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18-11-2009 | Cardiology | Article

Chlorthalidone preferred over amlodipine, lisinopril as initial anti-hypertensive therapy in long-term ALLHAT follow-up

MedWire News: Ten-year follow-up of the Antihypertensive and Lipid-Lowering Treatment to Prevent Heart Attack (ALLHAT) trial confirmed the results from the 5-year trial demonstrating that an older drug, chlorthalidone, was as effective as drugs considered newer at the time the trial was initiated (ie, the calcium-channel blocker amlodipine, the ACE inhibitor lisinopril, and the alpha blocker doxazosin.

“In the 10-year post-trial follow-up, any small differences between chlorthalidone and the newer treatments disappeared, except for an excess of heart failure (HF) for amlodipine compared with chlorthalidone. No new adverse events emerged over longer follow-up. These results support the recommendations of the JNC 7 – to initiate anti-hypertensive therapy with a diuretic,” said William Cushman (Veterans Affairs Medical Center, Memphis, Tenessee, USA), who presented these findings at the American Heart Association 2009 Scientific Sessions in Orlando, Florida, USA. “These results suggest that chlorthalidone should be preferred, and that amlodipine, lisopril, or doxazosin are not superior drugs. Chlorthalidone was superior to each of the other three drugs in preventing the occurrence of one or more major adverse cardiovascular event (MACE),” Cushman said.

The randomized, double-blind, multicenter ALLHAT trial included 42,418 high-risk people with hypertension aged 55 years or older. At 5-year follow-up, amlodipine was not superior to chlorthalidone for any of the outcomes assessed, including coronary heart disease, all-cause mortality, cardiovascular disease mortality, stroke, HF, or end-stage renal disease. The amlodipine group had a 34% excess in HF compared with chlorthalidone. Lisinopril had 10% more cardiovascular events, 19% more HF, and 15% more stroke events compared with chlorthalidone. The rate of HF was 40% higher in African Americans who received lisinopril versus chlorthalidone. The doxazosin arm was closed prematurely at 3 years when an excess of cardiovascular events was found.

The 10-year follow-up was based on the trial data, as well as several large administrative databases, including Medicare. For this analysis, there was no information on additional drugs ALLHAT participants took after the trial ended. No difference in all-cause mortality was found between chlorthalidone and the other two drugs in 41,719 evaluable patients. No difference in cardiovascular mortality or coronary heart disease was found among the three drugs in the 27,246 patients included in that analysis.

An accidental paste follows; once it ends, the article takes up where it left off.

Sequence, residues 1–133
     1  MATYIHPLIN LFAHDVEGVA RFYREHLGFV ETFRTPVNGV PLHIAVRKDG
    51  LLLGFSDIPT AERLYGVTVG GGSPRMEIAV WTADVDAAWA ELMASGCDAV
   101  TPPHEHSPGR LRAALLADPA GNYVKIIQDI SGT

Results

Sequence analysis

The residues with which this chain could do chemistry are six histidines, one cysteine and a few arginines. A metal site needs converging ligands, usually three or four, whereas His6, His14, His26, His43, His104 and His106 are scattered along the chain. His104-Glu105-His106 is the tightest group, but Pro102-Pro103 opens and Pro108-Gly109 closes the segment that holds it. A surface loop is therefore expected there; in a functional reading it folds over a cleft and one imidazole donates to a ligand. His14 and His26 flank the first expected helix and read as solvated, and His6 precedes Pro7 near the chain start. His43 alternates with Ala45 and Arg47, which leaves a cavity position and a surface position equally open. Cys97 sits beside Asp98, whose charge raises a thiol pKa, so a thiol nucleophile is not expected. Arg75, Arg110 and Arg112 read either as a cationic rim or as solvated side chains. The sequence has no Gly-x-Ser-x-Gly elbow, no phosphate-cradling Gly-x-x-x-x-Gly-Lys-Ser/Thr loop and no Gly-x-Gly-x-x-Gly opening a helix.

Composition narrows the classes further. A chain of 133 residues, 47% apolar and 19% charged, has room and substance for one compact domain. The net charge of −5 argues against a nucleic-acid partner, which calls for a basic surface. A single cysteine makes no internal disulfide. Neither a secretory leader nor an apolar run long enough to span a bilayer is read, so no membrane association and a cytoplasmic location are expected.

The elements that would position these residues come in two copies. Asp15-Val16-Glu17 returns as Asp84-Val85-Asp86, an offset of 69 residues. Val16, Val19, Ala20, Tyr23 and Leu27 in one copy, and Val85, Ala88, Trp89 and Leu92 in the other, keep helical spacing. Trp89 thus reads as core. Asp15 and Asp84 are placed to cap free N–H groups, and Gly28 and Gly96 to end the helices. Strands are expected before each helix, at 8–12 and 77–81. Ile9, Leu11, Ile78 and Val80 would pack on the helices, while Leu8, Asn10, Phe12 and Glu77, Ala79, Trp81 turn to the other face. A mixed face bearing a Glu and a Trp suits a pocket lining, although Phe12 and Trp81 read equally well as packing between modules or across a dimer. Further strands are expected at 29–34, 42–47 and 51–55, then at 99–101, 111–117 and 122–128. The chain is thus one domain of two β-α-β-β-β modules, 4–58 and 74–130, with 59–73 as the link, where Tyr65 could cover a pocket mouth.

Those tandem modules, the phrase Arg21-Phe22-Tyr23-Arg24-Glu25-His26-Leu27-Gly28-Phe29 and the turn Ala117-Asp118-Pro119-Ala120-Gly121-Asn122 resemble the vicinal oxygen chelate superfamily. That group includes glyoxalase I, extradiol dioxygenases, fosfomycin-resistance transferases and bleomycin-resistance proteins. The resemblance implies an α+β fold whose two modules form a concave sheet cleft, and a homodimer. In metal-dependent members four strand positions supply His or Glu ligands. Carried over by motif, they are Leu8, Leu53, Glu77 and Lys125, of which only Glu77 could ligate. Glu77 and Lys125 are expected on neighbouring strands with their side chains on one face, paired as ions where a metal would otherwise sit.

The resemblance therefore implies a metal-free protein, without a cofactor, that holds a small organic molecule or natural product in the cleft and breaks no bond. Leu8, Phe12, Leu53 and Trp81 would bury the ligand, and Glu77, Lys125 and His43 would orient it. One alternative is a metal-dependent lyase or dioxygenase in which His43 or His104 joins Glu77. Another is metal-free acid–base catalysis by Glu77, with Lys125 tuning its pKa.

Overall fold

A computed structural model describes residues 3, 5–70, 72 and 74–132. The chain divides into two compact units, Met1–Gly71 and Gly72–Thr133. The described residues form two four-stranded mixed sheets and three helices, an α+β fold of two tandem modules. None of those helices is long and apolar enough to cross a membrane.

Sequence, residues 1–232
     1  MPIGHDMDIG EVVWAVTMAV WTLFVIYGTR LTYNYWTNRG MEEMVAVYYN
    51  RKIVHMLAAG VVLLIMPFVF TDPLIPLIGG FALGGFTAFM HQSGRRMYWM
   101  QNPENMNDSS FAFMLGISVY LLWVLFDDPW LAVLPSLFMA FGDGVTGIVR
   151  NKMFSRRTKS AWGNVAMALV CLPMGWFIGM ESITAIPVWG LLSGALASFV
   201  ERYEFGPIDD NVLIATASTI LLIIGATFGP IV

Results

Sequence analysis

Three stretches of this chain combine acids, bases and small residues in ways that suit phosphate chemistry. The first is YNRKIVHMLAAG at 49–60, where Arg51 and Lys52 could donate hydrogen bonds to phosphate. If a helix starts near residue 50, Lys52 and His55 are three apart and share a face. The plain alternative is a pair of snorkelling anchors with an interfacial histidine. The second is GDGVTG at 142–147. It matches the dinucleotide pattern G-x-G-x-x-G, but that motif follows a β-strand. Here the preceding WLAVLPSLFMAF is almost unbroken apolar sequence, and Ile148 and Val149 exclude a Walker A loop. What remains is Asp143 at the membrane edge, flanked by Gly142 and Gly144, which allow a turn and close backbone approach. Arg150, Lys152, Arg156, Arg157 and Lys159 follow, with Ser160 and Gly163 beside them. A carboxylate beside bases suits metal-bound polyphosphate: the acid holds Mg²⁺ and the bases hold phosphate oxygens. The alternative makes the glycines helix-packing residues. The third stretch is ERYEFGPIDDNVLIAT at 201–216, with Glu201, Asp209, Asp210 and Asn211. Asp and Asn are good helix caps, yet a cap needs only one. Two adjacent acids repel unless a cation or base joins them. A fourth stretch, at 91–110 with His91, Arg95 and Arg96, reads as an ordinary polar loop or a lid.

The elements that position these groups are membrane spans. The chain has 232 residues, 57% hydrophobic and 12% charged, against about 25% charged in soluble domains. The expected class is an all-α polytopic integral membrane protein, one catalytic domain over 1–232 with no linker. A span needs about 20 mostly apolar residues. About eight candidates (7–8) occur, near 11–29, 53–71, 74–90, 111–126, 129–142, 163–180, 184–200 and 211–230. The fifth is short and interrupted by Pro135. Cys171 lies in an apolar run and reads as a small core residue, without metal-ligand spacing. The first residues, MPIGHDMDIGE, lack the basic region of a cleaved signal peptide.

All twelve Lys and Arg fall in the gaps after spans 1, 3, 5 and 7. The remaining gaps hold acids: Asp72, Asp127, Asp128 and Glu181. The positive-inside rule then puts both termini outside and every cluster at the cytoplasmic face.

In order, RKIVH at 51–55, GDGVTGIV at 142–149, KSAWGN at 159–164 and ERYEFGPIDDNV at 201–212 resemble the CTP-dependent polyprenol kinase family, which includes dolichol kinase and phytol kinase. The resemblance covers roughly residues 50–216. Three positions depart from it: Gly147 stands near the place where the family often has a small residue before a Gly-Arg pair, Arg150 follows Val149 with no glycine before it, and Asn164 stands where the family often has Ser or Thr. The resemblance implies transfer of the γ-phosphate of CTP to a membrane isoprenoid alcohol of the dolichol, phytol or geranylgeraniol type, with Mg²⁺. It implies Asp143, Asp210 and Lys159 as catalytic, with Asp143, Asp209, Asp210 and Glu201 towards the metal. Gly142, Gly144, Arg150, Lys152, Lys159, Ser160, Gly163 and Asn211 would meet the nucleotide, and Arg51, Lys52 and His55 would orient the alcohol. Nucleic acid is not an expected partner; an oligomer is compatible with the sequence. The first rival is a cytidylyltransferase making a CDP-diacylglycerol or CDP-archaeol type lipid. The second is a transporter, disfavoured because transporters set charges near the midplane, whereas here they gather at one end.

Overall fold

Cushman said the HF difference persisted for amlodipine, but was no longer significant for lisinopril versus chlorthalidone after 10 years. A slightly lower incidence of cardiovascular disease was found for lisinopril.

“These results should not be construed as recommending lisinopril over chlorthalidone for the treatment of hypertension,” Cushman said.

In the USA, JCN 7 guidelines recommend a thiazide diuretic as first-line treatment for hypertension. The guidelines of the European Society of Hypertension and the European Society of Cardiology express no preference for starting drug. In the UK, thiazides and beta-blockers are discouraged, explained formal discussant of the presentation Daniel Jones (University of Mississippi, Oxford, Missouri, USA).

“An alternative interpretation of this trial is that several classes of drug provide cardiovascular protection and lower blood pressure. Blood pressure should be lowered with the least intrusive approach for an individual patient” Jones stated.

MedWire (www.medwire-news.md) is an independent clinical news service provided by Current Medicine Group, a trading division of Springer Healthcare Limited. © Springer Healthcare Ltd; 2009

By Sara Freeman

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